Style: Melodic Rock
Release Date: 2 Sep 2022
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Mike Tramp is probably still best known for being the singer in glam metal band White Lion, but it wasn't his first band and it wasn't his last either, as he moved into Freak of Nature, who were very good indeed. He's been putting out solo albums for the last couple of decades but I've only heard the most reent one, Second Time Around, which contained re-recordings of songs previously on his 2009 album, Mike Tramp & The Rock 'n' Roll Circuz. It was decent stuff, firmly on the lighter side of classic rock, reminding of people like Jon Bon Jovi, Bruce Springsteen or John Cougar Mellencamp. It ended up averaged out to a heavy Bryan Adams sound.
This one, on the other hand, averages out to a light James Taylor sound. There are only ballads on offer and they range from Eurovision-style pop ballads to, well, not much heavier rock ballads. The best is probably the opener, Det Jeg Var, which could be a rock song if it wanted to be—it doesn't—and kept on growing on me. It didn't seem like much to start with, but I may have just needed to adjust, given that I've been listening to Behemoth and Amon Amarth, and get back into a melodic rock mindset. Halfway through, I was really digging it and, by the end, I'd started humming along.
For a while, it worked for me. Vejkort is infectious too, another rock song and one with guitars, an occasion worthy of note here because the most frequent instrument here beyond Tramp's voice is a piano. It also has oddly sticky sounding drums to keep a beat, again not something to take at all for granted here, as the drums fade in importance with the album until they're gone entirely on a closer, called Album, that places Tramp against piano and a mist of orchestration. I can't say that I didn't enjoy the soft brass that takes both Album—the song—and the album, home, but I'd expect it more on an early seventies Tom Waits release.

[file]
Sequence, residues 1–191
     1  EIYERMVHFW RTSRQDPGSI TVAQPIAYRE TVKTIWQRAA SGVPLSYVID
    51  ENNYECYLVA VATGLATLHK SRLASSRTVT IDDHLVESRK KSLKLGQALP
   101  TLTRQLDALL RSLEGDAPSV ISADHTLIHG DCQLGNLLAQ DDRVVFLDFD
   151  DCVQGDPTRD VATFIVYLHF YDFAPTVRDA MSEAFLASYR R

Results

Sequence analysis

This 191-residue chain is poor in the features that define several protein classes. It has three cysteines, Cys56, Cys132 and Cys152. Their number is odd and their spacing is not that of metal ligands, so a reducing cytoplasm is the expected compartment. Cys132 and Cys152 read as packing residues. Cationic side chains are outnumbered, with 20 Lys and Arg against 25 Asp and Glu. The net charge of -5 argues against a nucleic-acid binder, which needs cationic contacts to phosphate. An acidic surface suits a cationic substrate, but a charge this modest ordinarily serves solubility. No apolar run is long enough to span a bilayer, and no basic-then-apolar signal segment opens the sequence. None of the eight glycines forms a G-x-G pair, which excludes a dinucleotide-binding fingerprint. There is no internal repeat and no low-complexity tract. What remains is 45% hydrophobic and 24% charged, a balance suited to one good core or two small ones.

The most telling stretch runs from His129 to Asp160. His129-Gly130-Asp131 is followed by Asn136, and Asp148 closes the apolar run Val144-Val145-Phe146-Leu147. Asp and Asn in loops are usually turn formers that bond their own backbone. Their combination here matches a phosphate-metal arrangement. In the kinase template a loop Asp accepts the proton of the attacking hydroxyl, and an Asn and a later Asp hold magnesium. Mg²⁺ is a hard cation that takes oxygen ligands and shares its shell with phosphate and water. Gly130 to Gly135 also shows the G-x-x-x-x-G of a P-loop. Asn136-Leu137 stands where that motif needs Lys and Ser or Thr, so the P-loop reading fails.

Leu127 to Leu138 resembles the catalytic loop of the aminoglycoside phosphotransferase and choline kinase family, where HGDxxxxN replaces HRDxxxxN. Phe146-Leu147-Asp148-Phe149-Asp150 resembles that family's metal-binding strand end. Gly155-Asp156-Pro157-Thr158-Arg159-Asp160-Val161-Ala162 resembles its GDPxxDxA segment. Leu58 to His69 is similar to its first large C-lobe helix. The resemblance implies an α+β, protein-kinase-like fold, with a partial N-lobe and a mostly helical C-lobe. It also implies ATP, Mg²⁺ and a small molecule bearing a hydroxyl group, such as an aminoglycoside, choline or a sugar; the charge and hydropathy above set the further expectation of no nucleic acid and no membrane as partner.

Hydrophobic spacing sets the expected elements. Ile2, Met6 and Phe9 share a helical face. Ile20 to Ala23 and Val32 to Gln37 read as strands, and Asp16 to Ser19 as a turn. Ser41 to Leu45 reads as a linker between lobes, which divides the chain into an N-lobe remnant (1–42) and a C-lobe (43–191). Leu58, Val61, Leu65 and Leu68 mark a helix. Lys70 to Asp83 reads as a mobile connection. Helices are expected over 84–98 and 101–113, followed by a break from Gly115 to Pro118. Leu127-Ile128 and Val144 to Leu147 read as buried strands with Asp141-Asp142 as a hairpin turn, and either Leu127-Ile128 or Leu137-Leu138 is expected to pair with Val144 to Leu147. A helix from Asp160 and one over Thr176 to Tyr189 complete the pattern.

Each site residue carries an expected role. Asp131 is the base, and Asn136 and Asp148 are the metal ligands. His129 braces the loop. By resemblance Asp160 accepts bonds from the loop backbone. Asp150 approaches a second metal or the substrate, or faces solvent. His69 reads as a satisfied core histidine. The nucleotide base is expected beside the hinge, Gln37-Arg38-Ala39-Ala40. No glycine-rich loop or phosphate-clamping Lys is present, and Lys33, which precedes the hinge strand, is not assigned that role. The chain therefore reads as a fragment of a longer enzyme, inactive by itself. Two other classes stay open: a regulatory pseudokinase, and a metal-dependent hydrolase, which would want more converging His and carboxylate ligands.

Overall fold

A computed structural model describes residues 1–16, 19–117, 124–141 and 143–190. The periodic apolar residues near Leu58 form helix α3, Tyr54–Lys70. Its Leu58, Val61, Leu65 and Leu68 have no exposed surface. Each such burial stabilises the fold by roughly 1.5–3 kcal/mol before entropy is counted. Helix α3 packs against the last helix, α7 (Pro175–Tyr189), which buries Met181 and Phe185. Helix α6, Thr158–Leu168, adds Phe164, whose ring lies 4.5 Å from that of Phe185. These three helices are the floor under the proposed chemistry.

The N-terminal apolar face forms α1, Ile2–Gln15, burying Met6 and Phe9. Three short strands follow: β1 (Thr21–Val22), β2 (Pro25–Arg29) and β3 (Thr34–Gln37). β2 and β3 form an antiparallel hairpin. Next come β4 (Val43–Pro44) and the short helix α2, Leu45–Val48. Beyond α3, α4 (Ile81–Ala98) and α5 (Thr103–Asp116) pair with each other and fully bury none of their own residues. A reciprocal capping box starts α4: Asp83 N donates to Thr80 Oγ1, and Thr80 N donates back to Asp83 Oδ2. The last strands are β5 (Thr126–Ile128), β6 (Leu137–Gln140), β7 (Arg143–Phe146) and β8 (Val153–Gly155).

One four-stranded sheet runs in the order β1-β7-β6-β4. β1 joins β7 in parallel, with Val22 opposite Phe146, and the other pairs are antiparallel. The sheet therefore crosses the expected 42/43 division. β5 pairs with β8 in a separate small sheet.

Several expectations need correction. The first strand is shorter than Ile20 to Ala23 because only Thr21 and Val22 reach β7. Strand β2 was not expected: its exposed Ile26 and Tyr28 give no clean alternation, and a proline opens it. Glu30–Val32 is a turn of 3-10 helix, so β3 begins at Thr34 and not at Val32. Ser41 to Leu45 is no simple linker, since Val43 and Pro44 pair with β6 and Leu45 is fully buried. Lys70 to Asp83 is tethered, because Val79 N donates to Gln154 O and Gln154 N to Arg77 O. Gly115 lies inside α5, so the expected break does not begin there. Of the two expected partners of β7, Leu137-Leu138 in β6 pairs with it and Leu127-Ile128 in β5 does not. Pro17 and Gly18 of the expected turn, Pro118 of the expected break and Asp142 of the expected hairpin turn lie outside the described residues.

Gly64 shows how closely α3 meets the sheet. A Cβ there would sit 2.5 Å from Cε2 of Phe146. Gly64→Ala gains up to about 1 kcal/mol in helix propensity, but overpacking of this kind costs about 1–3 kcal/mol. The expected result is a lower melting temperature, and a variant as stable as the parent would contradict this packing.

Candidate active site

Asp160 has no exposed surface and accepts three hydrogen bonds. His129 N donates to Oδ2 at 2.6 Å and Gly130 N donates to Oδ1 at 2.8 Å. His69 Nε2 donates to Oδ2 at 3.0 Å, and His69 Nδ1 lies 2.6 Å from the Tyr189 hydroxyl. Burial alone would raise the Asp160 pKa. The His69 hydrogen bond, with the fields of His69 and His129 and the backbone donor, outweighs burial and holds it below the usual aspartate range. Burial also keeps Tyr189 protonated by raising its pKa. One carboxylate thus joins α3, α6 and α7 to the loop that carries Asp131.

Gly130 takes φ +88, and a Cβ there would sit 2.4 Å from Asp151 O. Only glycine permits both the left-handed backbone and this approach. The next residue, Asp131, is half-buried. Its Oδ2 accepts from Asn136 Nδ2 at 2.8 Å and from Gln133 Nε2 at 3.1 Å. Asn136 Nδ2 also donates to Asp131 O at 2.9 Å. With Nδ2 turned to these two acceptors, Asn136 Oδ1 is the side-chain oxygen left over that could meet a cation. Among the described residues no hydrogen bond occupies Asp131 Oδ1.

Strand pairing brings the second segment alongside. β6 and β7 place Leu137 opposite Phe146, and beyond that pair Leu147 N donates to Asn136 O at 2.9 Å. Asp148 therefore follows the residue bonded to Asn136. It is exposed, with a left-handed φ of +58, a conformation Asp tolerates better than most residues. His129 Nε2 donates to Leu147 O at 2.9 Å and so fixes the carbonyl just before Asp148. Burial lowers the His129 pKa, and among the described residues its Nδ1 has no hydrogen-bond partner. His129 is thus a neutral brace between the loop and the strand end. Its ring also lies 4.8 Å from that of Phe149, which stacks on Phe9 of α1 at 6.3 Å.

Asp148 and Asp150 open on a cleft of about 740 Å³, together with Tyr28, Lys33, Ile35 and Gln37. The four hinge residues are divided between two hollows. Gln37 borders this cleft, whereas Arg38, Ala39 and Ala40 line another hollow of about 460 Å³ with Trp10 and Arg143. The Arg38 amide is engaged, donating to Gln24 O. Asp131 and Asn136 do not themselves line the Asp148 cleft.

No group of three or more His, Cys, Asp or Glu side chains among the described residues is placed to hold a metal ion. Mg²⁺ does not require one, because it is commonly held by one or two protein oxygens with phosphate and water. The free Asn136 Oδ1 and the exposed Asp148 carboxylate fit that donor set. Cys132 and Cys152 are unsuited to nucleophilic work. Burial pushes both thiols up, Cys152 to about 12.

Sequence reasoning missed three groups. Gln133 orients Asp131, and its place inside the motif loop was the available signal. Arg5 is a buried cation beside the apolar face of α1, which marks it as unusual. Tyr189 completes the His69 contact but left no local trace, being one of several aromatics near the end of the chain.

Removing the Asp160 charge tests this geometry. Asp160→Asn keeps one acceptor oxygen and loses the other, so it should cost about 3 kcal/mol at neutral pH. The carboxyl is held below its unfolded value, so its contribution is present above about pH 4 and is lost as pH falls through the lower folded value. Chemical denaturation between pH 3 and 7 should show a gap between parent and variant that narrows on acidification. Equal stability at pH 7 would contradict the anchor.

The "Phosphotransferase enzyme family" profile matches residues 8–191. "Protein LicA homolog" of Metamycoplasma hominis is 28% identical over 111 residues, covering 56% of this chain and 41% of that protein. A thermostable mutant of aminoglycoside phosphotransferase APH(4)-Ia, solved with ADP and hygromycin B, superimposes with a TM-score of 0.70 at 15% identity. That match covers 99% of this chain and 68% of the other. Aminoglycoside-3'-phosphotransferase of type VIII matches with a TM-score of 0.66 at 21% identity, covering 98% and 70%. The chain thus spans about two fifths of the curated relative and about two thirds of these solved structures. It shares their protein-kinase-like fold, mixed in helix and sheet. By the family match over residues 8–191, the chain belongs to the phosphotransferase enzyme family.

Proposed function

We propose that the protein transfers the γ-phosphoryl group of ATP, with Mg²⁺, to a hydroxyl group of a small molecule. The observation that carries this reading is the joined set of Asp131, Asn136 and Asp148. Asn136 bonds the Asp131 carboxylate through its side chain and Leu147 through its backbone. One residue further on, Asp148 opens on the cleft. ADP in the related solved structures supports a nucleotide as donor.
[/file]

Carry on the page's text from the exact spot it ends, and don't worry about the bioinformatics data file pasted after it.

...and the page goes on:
It's worth mentioning here that one important angle both works for me and doesn't and that's an entirely Danish lyric sheet. Tramp's prior dozen solo albums were all recorded in English but this is entirely in his native Danish. From a vocal standpoint, that's great because, as good as he sounds in a foreign tongue, there's a level of intonation in play that's difficult to find unless a language is completely second nature and has been since being a toddler. He sounds amazing here, better yet than usual. The catch is that I have no idea what he's singing, because I don't speak Danish, and it would seem that the words are important here. They certainly were for Tom Waits.
So, without knowing what the words mean, and assuming that they're rather meaningful, I have to rely on the music and that's tough here because it just isn't the focus. Whoever's performing here does the job they're asked to do, so I have no complaints. It's just that this album is all about voice and, to a much lesser degree, solo piano, and, while I can happily soothe an evening away with one of Suzanne Ciani's Pianissimo releases, I can't even dip into that listening mode here. I'm missing one of the most important angles to the album.
And that means that the second half fades for me until that brass shows up on Album and the first half shifts away from me with the title track. For Første Gang For Altid is much softer than the two openers, being a ballad that feels romantic to me. It's the most Eurovision song here, not only for its soft pop/rock ballad approach but because there's disco creeping in around the edges and ooh and aah backing vocals. They'd have lapped this up in the seventies, as indeed they did when Mike Tramp was the lead singer for pop band Mabel, who won the Danish Song Contest in 1978. It's not my sort of thing though.
And, as good as this is from a subjective standpoint, it really ends up firmly on the not my sort of thing list. I really enjoyed hearing Tramp's voice again and especially hearing it sing in his native language, but this may be the softest album I've ever reviewed and it may remain that way. I liked Det Jeg Var and Jeg Holder Fast and I'd actually put them both above Vejkort, which is as heavy as this album gets, not much of a bar in the same way that I'm sure there's a most brutal Tellytubby but it's not likely to be fronting a street gang, but the rest would seem light even for fans of Bryan Adams.
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